Alongside those western influences, producer, DJ, writer and cultural theorist, Stefan Goldmann played a significant role in Velchev’s newfound appreciation for this roots music. “Stefan is the guy who showed me the Bulgarian traditional music (in a new light)” he asserts, “showed me the beauty of gypsy music which I was denying at that time.” It was around that time that he produced his debut LP as KiNK, “Under Destruction.” Goldmann’s Macro label, unsurprisingly facilitated the album, and it’s an LP that Velchev is “most proud of” today. “It was not a big record, but in terms of personal achievement musically, that is a highlight.”
As KiNK, Velchev has largely feigned from the LP format, unless there’s some sense of “identity” to the record and while Playground’s identity derived and was inspired around the tactility of the instruments he used for that record, “Under Destruction” was the “only time” Velchev felt he had a “certain vision” and “something to say.”
It’s a record that falls awkwardly on the western ear. The unusual rhythm structures and atonal (in western standards) character of the music breaks step with the underlying nature of the music. It’s a record still very much directed at the dance floor, with kick drums falling on familiar intervals, but the esoteric expressions that lie beyond its foundations offer something more contemplative for the listener. It’s something of a “paradox” for Velchev too, who has always considered himself a “dancer first” and whose music has always relied on a functional aspect. “Being experimental and innovative is a passion for me, but (all) in the constraints of being a dancer.”
It’s this paradox that has taken Velchev into his latest venture, a record label called, Sofia. Velchev believes the label picks up where Under Destruction left off and it pays specific homage to the Bulgarian capital it is named after. After reconnecting with Konstantine Petrov, “an old friend” who had played a hand in KiNK’s early development and had shown him “how to make music in the nineties,” Velchev and Petrov created the label as an outlet for the sounds of the city. “We’re not praising Sofia” he says poignantly, but “Sofia is the city that influenced us more with a lot of negative and a lot of positive aspects. We are what we are and our music is what it is because we lived and met in the city.”
The first release on the label came via KiNK, with the aptly titled “Home,” and in that record we find similarities to KiNK’s music from “Under Destruction” as tracks play on similar rhythmic and melodic themes, distilled down from traditional music, with titles like The Clock and The Grid redefining the concepts contained in their titles for western ears. Accompanying the release and future releases from a small, but dedicated community of artists, are a series of photos – most of which taken on phone – from Bulgarian DJ legend DJ Valentine. Alongside the music it consolidates a label that for the first time will distill some of that Bulgarian traditions into a contemporary platform.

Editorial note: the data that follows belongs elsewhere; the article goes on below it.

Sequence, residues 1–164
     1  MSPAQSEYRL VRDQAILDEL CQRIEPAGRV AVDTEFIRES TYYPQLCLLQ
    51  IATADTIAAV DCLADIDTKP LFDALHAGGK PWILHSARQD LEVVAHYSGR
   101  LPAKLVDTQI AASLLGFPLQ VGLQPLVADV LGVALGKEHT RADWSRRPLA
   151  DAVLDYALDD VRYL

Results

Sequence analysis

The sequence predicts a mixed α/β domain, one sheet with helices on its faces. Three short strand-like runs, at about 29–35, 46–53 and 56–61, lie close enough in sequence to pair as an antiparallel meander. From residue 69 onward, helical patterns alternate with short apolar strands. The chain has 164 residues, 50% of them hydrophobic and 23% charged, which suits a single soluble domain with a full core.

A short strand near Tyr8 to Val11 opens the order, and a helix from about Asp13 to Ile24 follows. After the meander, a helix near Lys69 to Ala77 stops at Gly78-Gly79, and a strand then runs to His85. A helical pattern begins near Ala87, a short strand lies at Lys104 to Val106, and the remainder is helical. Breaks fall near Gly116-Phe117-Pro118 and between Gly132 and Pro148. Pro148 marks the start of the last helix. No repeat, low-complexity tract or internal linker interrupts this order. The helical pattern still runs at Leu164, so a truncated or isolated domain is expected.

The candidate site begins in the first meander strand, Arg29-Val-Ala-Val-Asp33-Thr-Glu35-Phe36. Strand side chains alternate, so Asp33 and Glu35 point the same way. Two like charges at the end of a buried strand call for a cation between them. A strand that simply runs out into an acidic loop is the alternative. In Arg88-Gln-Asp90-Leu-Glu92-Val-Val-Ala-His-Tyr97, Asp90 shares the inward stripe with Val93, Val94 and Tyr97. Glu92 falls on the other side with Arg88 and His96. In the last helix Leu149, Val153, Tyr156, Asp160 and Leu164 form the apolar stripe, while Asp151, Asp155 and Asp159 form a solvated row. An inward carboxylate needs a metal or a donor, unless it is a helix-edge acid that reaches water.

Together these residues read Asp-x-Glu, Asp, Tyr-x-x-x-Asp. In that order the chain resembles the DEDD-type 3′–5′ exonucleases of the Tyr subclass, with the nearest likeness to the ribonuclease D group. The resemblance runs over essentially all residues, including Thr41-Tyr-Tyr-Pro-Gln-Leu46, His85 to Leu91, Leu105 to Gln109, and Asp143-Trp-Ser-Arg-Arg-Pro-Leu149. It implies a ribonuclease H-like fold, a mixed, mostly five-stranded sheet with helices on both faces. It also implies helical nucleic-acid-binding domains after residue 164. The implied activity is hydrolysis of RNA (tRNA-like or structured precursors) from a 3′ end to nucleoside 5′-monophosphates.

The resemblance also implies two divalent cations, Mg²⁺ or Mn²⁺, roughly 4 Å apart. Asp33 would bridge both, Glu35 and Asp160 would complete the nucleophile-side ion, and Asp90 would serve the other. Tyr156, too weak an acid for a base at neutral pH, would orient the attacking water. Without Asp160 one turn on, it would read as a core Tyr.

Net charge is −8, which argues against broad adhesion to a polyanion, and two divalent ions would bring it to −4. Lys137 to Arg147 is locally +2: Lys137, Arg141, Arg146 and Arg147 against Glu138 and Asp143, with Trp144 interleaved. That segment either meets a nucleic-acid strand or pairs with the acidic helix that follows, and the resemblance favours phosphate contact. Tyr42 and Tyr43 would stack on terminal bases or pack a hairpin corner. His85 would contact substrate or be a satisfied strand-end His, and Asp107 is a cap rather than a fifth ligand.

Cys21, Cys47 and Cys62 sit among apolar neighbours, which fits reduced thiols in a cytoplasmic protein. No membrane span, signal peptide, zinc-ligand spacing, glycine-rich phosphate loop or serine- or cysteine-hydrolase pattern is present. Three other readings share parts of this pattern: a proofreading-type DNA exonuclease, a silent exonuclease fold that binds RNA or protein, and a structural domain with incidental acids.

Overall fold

Although Velchev had been toying with the idea of a label for the last four years it was only “with time, a certain idea crystalized” where there could be “a musical identity in the first record.” Home inaugurates this identity with KiNK’s now familiar Bulgarian intuitions where “the rhythm is out of the standard grid and the tonality is out of the standard scale” and the music takes on a very unique character as a result, which some might even consider experimental. “Some people would say it’s experimental,” agrees Velchev, “but for me it’s just the pure essence of KiNK.”
It’s hard to define that essence, because it’s an amalgam of extraneous factors, funneled down into this music. It’s a combination of his precocious love of machines and noise; a maturing appreciation for the folk traditions of his country; a reluctant live performer; and an enigmatic interpretation of House and Techno music made by Black Americans. KiNK and Kirilik coalesces around all these different aspects, and there is no other artist quite like him, because of these compounding elements. Even at a time when DJ culture and electronic music have become quite interchangeable, Velchev is still able to stand out and deliver something truly unique to the landscape, and especially now with this latest endeavour Sofia.
“Maybe I’ve never brought anything brand new to the scene,” he considers, “but what I like about my approach to making music is that I’m more open to trying things and going out of my comfort zone.“
Later that night as he debuts the Kirilik project to a Norwegian audience, the dance floor is in agreement, raising their hands in a predominant affirmation as we draw back the curtains on our guest. A coy smile streaks over Velchev’s face as he introduces the first strands of an archived modular synthesiser from one of the CDJs. The room is tenter hooks, people surging calmly towards the stage, and then suddenly without warning; a resolve and a bass-heavy kick-drum bursts into life with an approving “whoop” from the crowd.